What is the difference between executing a script (e.g. /some/script) with source /some/script and . /some/script in Bash?

2 Answers 2


source and . are synonymous in Bash.

For anyone who might like to verify that the commands are simply synonyms and nothing more, look at the source code, say for version 4.3, and examine the file builtins/source.def. You will read that both of the built-in commands, source and ., use the very same function: source_builtin.

  • where is this defined? I mean is . an alias for source or is this some thing else?
    – binW
    Feb 9, 2011 at 18:26
  • exact same thing
    – user8290
    Feb 9, 2011 at 18:42
  • 14
    @binW: . is the traditional source command, inherited from the ancient bourne shell. source is just a bash builtin that does exactly the same as ., presumably because it's more readable (a . alone may be hard to spot with a small font). You'll see help source and help . shows the same info.
    – geirha
    Feb 9, 2011 at 23:56
  • 3
    @binW: If you look in man bash and then search for source you'll see that source filename [arguments] is a synonym for . filename [arguments]. Feb 17, 2011 at 12:22

. is synonymous with source in bash, but not in POSIX sh, so you should use . if your script is run by /bin/sh. Note that bash claims to run like POSIX sh when called as /bin/sh, but accepts source without complaint.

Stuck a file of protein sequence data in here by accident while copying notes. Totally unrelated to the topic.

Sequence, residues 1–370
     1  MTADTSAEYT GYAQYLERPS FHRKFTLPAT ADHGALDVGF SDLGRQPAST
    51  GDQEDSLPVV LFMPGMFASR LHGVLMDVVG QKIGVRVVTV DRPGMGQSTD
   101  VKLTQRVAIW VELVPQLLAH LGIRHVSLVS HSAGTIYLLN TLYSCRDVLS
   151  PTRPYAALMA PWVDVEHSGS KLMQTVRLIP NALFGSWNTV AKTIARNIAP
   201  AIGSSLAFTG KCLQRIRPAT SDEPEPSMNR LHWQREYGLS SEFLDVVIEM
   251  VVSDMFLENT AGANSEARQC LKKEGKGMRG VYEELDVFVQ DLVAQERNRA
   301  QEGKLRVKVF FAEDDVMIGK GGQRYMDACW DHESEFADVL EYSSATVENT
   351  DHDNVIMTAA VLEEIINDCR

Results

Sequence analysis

This behaviour has bitten me, scripts tested with bash as /bin/sh fail when run under ash, for example.

  • 17
    POSIX does not restrict the shell. POSIX just says; the shell shall support at least this and that feature. So a POSIX shell is free to implement additional features as long as the ones described by POSIX are implemented. When the shebang says #!/bin/sh you should never assume the shell supports anything but POSIX features though. pubs.opengroup.org/onlinepubs/9699919799/utilities/…
    – geirha
    Feb 9, 2011 at 23:51
  • You may be affected by the order of looking names up: unix.stackexchange.com/q/17815/8250
    – Lekensteyn
    Jul 16, 2012 at 11:05
  • 3
    This answer helped me, since sh is often used in cron.
    – dfrankow
    Mar 8, 2013 at 14:25

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